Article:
ESG is down, but definitely not out following bruising shareholder votes on environmental, social and corporate governance proposals during the 2023 proxy season. That’s the consensus of a panel of advocates at Proxy Preview Review, a recent webinar analyzing outcomes of the 2023 corporate proxy season.
Among the findings: The number of climate change resolutions on corporate ballots soared, but the percentage of votes in favor of them plummeted. In 2023, 61 climate change resolutions were voted on, up sharply from 20 in 2021. But average support was only 21.8% this year, down sharply from 53.2% in 2021.
An anti-ESG backlash had been expected during this year’s proxy season, but panelists say that was not the main reason for the reversal. In fact, investors largely rejected a flood of 52 anti-ESG proposals, giving them just 2.4% average support, half of what’s needed for resubmission.
Another setback for ESG advocates this year was a sharp decline in the number of resolutions getting more than 50% support.
“There’s no sugarcoating the dramatic fall in the number of proposals that earned majority support in 2023,” said panelist Heidi Welsh, executive director of the Sustainable Investments Institute, Si2, a Washington, D.C., non-profit that researches and reports on efforts to influence corporations on ESG.
In 2021, 39 ESG proposals received majority support, but in 2023, the total plummeted to just 8, said Welsh, co-author of the Proxy Preview report, now in its 9th year.
The real successes of proxy season are not the resolutions that get a majority vote, but the ones that are withdrawn before a vote takes place. Resolutions are usually withdrawn when corporations agree to make the changes sought by advocates. Proponents in 2023 withdrew 223 proposals, compared with 275 last year. In 2019 fewer than 40 resolutions on climate change were withdrawn, but in 2023, that number rose to 71.
Tougher climate resolutions
The panelists said one of the reasons for this year’s lower vote percentages for environmental proposals was a “ratcheting up” of the resolutions from general to specific. In 2021, corporations were asked to voice support for climate measures. In 2023, they were asked to commit to specific actions, such as setting greenhouse gas emission targets.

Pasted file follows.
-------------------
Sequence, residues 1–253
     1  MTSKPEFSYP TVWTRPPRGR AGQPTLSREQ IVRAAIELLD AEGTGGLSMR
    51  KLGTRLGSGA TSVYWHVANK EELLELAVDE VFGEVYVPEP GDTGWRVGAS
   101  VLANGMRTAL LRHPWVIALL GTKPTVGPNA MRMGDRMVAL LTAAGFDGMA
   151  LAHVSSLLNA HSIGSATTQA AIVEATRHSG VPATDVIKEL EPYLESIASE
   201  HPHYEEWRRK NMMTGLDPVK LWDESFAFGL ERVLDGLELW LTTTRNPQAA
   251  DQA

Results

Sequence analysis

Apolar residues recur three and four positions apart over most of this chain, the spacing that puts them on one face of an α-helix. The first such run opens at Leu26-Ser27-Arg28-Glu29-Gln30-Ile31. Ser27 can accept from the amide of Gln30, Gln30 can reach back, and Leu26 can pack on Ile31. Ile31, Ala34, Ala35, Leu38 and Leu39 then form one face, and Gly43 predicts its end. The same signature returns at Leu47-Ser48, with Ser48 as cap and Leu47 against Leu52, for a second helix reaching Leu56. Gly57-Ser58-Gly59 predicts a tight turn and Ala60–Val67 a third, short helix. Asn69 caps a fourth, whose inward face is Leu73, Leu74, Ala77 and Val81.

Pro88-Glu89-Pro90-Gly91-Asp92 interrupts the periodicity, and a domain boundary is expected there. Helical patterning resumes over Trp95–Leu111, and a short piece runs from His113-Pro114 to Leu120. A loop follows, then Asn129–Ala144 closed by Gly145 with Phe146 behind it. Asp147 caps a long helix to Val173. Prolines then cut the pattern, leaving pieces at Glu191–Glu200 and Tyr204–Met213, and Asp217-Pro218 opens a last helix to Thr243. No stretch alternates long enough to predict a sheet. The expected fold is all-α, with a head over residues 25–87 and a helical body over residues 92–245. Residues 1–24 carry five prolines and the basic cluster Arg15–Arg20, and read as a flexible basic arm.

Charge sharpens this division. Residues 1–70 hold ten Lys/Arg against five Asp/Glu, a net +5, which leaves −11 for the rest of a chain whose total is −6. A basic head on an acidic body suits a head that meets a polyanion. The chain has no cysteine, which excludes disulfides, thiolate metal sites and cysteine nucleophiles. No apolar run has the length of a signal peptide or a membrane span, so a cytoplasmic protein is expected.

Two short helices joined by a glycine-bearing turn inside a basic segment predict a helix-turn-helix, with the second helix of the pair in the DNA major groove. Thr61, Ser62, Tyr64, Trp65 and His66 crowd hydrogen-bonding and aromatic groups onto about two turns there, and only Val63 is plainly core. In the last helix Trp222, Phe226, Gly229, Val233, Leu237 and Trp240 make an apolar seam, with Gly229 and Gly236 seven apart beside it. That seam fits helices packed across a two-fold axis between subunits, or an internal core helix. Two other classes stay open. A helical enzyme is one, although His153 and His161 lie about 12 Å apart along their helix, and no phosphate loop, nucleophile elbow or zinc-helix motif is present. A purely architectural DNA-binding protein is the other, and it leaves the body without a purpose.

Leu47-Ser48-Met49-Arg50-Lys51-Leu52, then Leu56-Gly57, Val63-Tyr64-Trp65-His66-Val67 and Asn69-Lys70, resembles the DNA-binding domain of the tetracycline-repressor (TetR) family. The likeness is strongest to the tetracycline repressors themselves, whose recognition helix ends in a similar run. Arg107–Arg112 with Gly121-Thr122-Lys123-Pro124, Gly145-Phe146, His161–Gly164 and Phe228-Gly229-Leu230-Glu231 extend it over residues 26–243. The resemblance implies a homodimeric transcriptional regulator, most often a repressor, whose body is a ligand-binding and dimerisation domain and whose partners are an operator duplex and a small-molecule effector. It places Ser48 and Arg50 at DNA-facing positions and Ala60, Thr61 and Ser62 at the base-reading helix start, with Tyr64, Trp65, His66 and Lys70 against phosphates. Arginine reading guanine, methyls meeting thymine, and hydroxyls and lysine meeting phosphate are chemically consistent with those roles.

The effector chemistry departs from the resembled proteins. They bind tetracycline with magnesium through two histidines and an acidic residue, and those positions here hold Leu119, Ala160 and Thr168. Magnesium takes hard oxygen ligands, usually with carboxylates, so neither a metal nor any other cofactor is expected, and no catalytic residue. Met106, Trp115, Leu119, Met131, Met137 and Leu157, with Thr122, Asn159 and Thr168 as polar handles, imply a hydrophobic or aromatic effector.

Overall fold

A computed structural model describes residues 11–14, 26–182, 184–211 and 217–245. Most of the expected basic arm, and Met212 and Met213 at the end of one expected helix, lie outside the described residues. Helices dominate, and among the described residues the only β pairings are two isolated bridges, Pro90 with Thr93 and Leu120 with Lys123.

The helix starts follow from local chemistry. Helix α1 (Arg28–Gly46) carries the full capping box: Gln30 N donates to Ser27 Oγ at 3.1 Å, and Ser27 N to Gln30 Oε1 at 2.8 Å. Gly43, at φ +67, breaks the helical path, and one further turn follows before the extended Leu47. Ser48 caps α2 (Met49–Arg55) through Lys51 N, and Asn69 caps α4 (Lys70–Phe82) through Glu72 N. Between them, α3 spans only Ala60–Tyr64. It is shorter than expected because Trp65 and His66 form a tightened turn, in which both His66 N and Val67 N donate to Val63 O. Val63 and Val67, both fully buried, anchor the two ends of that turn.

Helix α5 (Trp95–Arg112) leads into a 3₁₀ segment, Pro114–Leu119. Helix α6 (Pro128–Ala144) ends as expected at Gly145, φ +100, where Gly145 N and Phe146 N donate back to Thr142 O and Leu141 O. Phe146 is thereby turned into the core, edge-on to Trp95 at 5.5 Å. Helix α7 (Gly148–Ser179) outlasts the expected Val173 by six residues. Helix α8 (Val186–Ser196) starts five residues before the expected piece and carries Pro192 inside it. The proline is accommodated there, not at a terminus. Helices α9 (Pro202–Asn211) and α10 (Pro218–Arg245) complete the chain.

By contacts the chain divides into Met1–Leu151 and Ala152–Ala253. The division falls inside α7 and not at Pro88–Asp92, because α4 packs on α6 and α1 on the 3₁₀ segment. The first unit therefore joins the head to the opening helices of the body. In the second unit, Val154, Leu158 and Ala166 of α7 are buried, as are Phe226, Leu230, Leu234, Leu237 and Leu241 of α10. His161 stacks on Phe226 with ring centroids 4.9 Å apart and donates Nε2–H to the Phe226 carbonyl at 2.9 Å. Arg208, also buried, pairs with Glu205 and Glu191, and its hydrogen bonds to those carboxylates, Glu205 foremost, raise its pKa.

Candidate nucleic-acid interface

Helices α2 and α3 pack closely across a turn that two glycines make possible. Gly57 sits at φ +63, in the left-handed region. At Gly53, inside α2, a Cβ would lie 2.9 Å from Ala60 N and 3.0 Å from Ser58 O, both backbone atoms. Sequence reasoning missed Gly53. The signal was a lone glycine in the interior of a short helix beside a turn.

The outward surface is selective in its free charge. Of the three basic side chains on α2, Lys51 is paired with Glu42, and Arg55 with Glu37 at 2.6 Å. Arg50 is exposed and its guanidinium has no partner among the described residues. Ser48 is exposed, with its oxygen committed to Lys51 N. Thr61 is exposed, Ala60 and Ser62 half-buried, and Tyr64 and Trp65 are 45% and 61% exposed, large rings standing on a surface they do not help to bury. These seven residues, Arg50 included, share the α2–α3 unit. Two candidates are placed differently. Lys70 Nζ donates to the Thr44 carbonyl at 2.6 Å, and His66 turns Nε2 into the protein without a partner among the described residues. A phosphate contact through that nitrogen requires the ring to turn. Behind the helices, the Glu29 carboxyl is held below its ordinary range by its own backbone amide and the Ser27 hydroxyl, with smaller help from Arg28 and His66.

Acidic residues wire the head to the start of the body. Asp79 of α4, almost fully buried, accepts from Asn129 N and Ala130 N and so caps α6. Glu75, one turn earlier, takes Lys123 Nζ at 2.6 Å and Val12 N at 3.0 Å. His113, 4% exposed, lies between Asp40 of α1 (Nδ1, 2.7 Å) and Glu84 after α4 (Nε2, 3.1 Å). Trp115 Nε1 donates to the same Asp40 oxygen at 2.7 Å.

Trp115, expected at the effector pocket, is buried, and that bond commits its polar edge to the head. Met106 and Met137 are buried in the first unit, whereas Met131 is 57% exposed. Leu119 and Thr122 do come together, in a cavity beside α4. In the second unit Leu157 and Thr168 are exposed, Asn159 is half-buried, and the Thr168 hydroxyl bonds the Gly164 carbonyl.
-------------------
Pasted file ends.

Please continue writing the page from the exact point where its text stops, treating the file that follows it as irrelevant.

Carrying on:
“(In 2021) ESG got very trendy,” said Michael Passoff, founder and CEO of Proxy Impact, a San Francisco Bay Area proxy voting and shareholder engagement service. “Biden was just coming into office and talking about climate initiatives and big investments in clean energy. Interest in ESG investing was booming, and companies were all marketing themselves as green. And many of the climate resolutions that year asked for commitments but not details. It was pretty easy year to be a climate-friendly voter.”
But larger investors and some proxy advisors deemed this year’s tougher climate resolutions “too prescriptive,” said Passoff, co-author of the Proxy Preview report. “That in my opinion, is a lame excuse and just a complete failure to properly assess investments. They’re non-binding resolutions, so technically, they’re not prescriptive at all. But they are more specific.”
Another factor in the poor showing for climate resolutions was that activists this year reached out to mid-cap and smaller corporations, many of which were unfamiliar with ESG issues and resolutions, said Andrew Behar, CEO of As You Sow, a non-profit shareholder advocacy and engagement organization based in Berkeley, Calif. Another factor is that mid-cap companies tend to have greater insider holdings, he said. “Again, you get lower votes.”
Passoff said ESG advocates have notched up a small, but notable, victory on climate: There were no resolutions on clean energy in 2022 and 2023. That’s because so many companies have started to turn to renewable energy, shareholders no longer need to raise this issue, he said.